In the novel To Kill a Mockingbird Jean “Scout” Louise Finch is greatly influenced by the world around her. The novel is written in the 1930’s in a time period of injustice, segregation, and the Great Depression. In Maycomb County, Scout lives with her brother, Jem, her father, Atticus, and their maid, Calpurnia. Atticus is a lawyer who is assigned a case to defend Tom Robinson, an African-American man, accused of raping Mayella Ewell, a 19 year old girl. Scout’s character traits are greatly influenced because of the trial and everything she learns from it.
Jem and Scout could have been killed, but again, Boo came out at just the right moment and saved them. At this point, Boo was thought of as a watchful protector and a true neighbor to the children. As with all relationships, this one changed many different times throughout To Kill A Mockingbird. Boo went from being the children’s biggest fear to their biggest hero. At the end of the novel, the kids not only admired Boo, but also were thankful for him.
Atticus’s Quote Scout in To Kill a Mockingbird is changed the most not by one of the themes of the novel, but by a quote from Atticus. The novel, To Kill a Mockingbird by Harper Lee, revolves around the quote Atticus says about how you really don’t understand a person until you see it from their perspective.This is important to the novel because this quote helps Scout develop and grow into a better character. Throughout the novel, To Kill a Mockingbird, Scout develops and grows into a better character because of Atticus’s quote, “‘First of all,” he said, “if you can learn a simple trick Scout, you’ll gt along a lot better with all kinds of folks. You never really understand a person until you consider things from his point of view-”... “-until you climb into his skin and walk around in it.” (Lee 39). Scout first learns the meaning of Atticus’s quote because of the Cunningham family.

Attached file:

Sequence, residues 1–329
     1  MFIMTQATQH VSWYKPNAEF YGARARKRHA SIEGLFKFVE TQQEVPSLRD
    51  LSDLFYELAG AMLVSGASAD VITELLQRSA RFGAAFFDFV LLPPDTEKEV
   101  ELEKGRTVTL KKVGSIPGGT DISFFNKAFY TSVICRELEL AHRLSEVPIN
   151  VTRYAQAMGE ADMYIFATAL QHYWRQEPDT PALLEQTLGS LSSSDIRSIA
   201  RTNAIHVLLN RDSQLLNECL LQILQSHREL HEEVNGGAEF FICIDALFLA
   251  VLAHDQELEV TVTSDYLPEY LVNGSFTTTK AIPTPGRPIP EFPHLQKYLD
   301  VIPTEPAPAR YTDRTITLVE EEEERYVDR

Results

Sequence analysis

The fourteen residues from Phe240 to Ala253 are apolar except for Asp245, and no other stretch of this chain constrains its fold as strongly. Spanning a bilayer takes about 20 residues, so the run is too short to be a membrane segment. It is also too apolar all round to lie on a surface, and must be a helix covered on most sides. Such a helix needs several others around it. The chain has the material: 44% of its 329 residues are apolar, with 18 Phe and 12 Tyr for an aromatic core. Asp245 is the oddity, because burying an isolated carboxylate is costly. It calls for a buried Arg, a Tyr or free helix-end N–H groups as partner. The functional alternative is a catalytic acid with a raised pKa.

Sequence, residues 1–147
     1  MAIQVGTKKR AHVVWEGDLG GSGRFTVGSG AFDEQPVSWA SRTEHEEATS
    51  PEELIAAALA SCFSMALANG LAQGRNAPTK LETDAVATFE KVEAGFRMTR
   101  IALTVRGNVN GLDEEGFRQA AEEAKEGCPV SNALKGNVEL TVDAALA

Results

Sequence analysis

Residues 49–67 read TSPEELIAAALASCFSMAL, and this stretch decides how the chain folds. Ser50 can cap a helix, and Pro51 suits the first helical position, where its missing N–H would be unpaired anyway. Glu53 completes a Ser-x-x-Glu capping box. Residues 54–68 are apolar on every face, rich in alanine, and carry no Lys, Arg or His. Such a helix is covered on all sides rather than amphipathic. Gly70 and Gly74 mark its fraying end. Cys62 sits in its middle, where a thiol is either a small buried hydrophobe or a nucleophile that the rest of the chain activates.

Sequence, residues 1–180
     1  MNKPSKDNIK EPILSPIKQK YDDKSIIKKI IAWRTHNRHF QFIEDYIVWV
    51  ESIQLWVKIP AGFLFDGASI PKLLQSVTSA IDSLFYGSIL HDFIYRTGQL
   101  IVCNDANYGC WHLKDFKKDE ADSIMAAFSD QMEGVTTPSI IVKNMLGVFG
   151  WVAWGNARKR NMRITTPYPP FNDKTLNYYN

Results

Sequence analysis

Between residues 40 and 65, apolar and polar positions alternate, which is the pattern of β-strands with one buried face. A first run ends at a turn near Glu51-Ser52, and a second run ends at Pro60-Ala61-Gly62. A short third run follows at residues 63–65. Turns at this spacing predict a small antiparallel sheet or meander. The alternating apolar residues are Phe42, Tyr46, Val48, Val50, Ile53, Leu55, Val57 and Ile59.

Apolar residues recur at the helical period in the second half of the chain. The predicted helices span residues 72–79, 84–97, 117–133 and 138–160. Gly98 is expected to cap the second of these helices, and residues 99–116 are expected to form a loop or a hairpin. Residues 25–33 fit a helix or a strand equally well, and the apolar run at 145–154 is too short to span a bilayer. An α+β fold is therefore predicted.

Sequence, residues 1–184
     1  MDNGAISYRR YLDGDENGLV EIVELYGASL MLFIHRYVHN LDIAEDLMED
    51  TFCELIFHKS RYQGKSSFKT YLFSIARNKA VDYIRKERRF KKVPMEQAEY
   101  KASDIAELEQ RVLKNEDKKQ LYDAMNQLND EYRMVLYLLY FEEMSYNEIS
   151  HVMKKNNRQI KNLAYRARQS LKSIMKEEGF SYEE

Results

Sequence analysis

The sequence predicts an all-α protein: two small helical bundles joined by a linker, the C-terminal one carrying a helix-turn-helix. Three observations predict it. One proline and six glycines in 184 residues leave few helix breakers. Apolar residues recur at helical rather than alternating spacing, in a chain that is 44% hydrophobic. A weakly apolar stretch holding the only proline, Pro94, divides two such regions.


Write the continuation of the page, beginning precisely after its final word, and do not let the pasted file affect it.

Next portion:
Understanding in To Kill A Mockingbird Harper Lee’s To Kill a Mockingbird is a timeless American Classic. The Novel takes place in Alabama during the 1930’s, and follows the adventures of Scout Finch as she grows up in a society torn by social evils like racism. There are many themes in To Kill A Mockingbird: friendship, compassion, and fairness. Harper Lee illustrates understanding in To Kill A Mockingbird through Jems realization about Mrs. Dubose, the children's change in perspective about Atticus, and the with the children's discovery of the truth about Arthur “Boo” Radley. The theme of understanding can be witnessed by looking at Jems realization about the seemingly wicked Mrs. Dubose.
In the book, To Kill a Mockingbird, Harper Lee portrays the story through the eyes of a young girl named Scout. This novel takes place in the 1930’s during the Great Depression in the small town of Maycomb, Alabama. Scout and her brother Jem are growing up, enduring the hardships of the Tom Robinson trial and uncovering the mysteries of Boo Radley. Harper Lee incorporates the themes of love and innocence into the book, expressing it through the use of character interaction. First and foremost, two characters that greatly display the theme of love and innocence are Scout and Dill.